May 24, 2001
Durian 099 CD
DAFELDECKER, FUSSENGER, KOVACIC
Durian 011-2 CD
Why have Teutonic musicians become so interested in tone and textures in recent years? Certainly recasting tiny sounds produced by acoustic instruments so that they resemble musique concrète is not confined to both parties of the Anschluss. Still, some of its most prominent practitioners now include Germans such as trumpeter Brigit Ulher and bassist Ulher Jürgen Morgenstern, as well as Austrians like alto saxophonist Boris Hauf and the three musicians represented on these contemplative CDs.
Is this a reaction against the clichés of Teutonic macho portrayed by saxophonists such as Peter Brötzmann and Hans Koller? Is it a rapprochement with so-called conservatory oriented "serious" music? Or is it a combination of the two coupled with a search for self-expression? There are no definite answers, but be prepared to turn up your stereo system's volume to catch all the nuances here.
Certainly the background of the men suggest some of the answers. Bassist Werner Dafeldecker is conservatory trained, and has written for ensembles that straddle both sides of the minimalist written/improv divide such as Klangforum Wien, Polwechsel, and TonArt Ensemble. He has also worked with electro-technicians like Wayne Horvitz and Jim O'Rourke. Bassist Uli Fussenegger was a specialist in baroque music before turning to more contemporary fare. He's also principal bass player and a project developer for Klangforum Wien. Dieter Kovacic, who describes himself as "a conscientious copyright-objector" has spent more than a decade transforming cassette players, LPs, CDs and computer hard dives into instruments.
While the sounds on these discs can sometimes be perceived as otherworldly and mesmerizing, often the listener finds himself in the position of a color commentator at a golf game, noting minute changes as they occur. On the first CD, for instance, you'll hear both bassists plucking in unison at one point, and then what is probably some quick finger manipulation. Other times you almost feel the bows being pulled across the strings, the strain of peg movements on elongated strings as well as repeated body blows on the wood. Creating the impression of a freight train passing with repeated arco slides, and tossing stratospheric high notes into the mix does confirm the bassists' desire to avoid New Age piety, though. Listen to this CD as a symphony of 1,000 tiny gestures.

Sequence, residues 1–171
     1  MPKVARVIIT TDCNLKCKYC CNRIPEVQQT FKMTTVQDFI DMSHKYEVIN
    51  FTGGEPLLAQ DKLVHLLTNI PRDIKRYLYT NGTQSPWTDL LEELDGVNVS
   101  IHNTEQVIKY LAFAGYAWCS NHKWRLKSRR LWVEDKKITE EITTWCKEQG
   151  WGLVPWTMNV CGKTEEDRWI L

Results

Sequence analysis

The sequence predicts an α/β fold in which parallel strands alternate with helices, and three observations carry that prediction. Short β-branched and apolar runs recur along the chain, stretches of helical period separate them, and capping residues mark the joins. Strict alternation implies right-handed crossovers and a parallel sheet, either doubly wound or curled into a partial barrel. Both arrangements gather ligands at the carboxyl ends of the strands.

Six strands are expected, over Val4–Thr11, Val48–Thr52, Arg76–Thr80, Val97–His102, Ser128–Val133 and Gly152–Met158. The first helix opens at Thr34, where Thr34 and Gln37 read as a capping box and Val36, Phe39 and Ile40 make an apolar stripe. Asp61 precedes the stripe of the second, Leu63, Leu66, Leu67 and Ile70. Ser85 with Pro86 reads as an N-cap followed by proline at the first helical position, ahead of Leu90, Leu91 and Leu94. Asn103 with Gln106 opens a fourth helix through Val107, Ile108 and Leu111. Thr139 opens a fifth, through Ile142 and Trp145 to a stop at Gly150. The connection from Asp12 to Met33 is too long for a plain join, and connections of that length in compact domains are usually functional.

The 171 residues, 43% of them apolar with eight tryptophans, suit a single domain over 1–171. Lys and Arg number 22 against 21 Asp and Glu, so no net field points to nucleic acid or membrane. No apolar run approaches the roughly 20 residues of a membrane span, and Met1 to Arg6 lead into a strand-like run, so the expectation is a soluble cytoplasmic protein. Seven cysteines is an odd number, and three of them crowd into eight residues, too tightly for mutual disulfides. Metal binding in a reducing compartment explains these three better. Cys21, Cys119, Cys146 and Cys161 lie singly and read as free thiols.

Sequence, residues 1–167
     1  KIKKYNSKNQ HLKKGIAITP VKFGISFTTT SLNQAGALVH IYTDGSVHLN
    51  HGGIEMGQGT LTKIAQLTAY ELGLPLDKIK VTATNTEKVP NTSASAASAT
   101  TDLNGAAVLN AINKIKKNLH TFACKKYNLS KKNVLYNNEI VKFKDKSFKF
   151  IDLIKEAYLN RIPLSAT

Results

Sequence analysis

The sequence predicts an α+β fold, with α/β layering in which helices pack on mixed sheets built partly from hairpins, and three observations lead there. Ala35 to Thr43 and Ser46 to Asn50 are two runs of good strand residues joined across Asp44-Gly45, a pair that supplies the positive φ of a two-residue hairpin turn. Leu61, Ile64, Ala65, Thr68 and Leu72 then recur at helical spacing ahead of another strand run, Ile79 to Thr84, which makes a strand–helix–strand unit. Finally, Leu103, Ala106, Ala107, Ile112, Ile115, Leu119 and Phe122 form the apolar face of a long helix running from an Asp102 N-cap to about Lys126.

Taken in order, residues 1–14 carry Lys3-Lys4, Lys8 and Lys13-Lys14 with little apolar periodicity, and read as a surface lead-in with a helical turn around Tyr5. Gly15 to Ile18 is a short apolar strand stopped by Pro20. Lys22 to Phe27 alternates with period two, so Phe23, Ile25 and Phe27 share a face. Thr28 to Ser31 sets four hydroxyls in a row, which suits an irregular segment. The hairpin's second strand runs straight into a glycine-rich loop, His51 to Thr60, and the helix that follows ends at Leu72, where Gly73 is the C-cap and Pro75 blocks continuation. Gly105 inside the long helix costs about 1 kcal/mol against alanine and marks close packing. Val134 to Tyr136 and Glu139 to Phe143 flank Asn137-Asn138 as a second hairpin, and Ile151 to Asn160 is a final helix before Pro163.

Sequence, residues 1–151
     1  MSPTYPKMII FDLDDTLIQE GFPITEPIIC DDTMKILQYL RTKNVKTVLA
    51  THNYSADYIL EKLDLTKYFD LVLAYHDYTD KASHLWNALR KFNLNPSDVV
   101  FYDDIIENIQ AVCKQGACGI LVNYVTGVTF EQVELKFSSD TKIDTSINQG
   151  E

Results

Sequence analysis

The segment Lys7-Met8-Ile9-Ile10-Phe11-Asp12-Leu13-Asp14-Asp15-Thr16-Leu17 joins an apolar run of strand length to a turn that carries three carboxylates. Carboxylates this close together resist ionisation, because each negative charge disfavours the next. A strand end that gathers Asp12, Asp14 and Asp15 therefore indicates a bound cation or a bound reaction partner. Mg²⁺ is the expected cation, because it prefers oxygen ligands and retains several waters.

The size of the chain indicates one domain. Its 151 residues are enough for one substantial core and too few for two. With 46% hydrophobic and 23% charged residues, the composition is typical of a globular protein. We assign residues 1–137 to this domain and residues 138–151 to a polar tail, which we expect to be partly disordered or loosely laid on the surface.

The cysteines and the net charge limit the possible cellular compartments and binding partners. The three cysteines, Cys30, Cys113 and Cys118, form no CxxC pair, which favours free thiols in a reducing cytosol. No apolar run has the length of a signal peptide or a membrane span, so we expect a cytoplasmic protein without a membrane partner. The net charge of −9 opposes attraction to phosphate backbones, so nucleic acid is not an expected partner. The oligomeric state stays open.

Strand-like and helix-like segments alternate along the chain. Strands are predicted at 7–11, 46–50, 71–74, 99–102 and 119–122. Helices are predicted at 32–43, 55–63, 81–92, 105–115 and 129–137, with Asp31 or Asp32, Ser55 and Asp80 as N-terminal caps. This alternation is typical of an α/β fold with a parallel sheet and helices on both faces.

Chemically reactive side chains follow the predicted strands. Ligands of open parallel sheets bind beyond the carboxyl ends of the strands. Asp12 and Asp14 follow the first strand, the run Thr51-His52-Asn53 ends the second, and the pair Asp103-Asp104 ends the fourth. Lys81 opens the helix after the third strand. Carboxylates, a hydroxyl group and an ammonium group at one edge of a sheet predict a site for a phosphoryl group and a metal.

Moving into the electronic realm, PRINTER completes the recital with remixes by each trio member of the almost 29 minute lead off title track. More eerie than the first outing, the sounds of fingers quickly coming in contact with glass and an intermittent turntable buzz add to string solos and electronic bleeps. The commentator role reasserts itself at one point when you muse that the small repeated melody must be coming from Fussenegger, since Dafeldecker is concentrating on glass. Another time what appears to be organ chords and later a deep bass drum tone are apparent. Are they turntable tricks or created by the congruence of different instruments?
Surprisingly, Dafeldecker's "Mokélé-mbembé" remix appears to be the most electronic, but it seems to end without resolution. Probably related to his turntablism, Kovacic's "Dun" has the brawniest rhythmic centre and even something club kids could hear as a beat. Meanwhile, Fussenegger's "Bastimentos' most resembles the sounds of cyclic tides drumming against the innards of a water purification plant.
Facing the onslaught of amplification that's often presented as important music, the Austrians have chosen to behave like pious, medieval hermits with these discs. They've isolated themselves from so many tones, rhythms and sounds, that at times you almost forget that instruments are involved.
This isn't easy listening and the nagging feeling exists that some changes in time and tempo may have produced a more entertaining product. But that's beside the point. This is how these men choose to present their music and it's up to us to take it —or leave it — on its own terms.
— Ken Waxman
Track Listing: 1.Vom stachel 2. Zur Schnecke 3. Ser klangkraft raum 4. Spannen 5. Für zwei ohren - zwischen 6. Der töne ränder 7. Dehnen 8. Zu unteren hör 9. Grenzen der leisigkeit ziehn 10. Wo das u düster ist 11. Wartend 12. Den bogen gehn
Personnel: Werner Dafeldecker (bass, C-board); Uli Fussenegger (bass)
Track Listing: 1. Printer 2. Mokélé-mbembé 3. Dun 4.Bastimentos
Personnel: Werner Dafeldecker (bass, glass); Uli Fussenegger (bass); Dieter Kovacic (turntables)